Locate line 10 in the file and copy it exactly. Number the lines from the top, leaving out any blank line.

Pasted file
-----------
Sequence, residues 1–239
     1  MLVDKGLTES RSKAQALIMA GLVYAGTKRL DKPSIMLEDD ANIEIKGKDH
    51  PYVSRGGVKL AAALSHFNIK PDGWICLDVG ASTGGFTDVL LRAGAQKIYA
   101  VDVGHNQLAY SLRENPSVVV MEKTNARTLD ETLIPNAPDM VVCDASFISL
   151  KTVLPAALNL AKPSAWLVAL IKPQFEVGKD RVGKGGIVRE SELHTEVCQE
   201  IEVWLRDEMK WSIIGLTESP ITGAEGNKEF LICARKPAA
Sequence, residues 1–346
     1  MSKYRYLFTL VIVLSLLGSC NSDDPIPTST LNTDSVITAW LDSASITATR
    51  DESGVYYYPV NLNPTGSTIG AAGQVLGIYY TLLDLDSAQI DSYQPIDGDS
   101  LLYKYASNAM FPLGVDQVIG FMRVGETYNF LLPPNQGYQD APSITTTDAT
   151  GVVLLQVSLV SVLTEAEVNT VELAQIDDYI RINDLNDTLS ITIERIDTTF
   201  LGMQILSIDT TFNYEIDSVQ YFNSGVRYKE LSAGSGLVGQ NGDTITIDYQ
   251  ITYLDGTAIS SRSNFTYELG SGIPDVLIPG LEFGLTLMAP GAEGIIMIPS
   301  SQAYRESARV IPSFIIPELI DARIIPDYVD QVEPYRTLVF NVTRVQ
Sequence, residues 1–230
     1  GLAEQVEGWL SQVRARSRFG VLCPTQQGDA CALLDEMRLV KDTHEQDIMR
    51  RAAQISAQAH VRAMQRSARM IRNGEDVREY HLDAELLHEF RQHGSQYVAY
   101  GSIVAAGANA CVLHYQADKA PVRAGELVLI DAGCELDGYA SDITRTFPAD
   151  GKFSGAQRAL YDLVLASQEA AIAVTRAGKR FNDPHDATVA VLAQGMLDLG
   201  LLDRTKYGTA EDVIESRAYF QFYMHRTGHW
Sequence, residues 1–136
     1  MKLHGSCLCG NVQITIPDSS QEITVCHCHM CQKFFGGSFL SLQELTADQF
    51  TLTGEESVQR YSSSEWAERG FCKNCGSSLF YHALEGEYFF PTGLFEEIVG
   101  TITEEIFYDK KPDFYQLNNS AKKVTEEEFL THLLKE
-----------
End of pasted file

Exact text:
   101  LLYKYASNAM FPLGVDQVIG FMRVGETYNF LLPPNQGYQD APSITTTDAT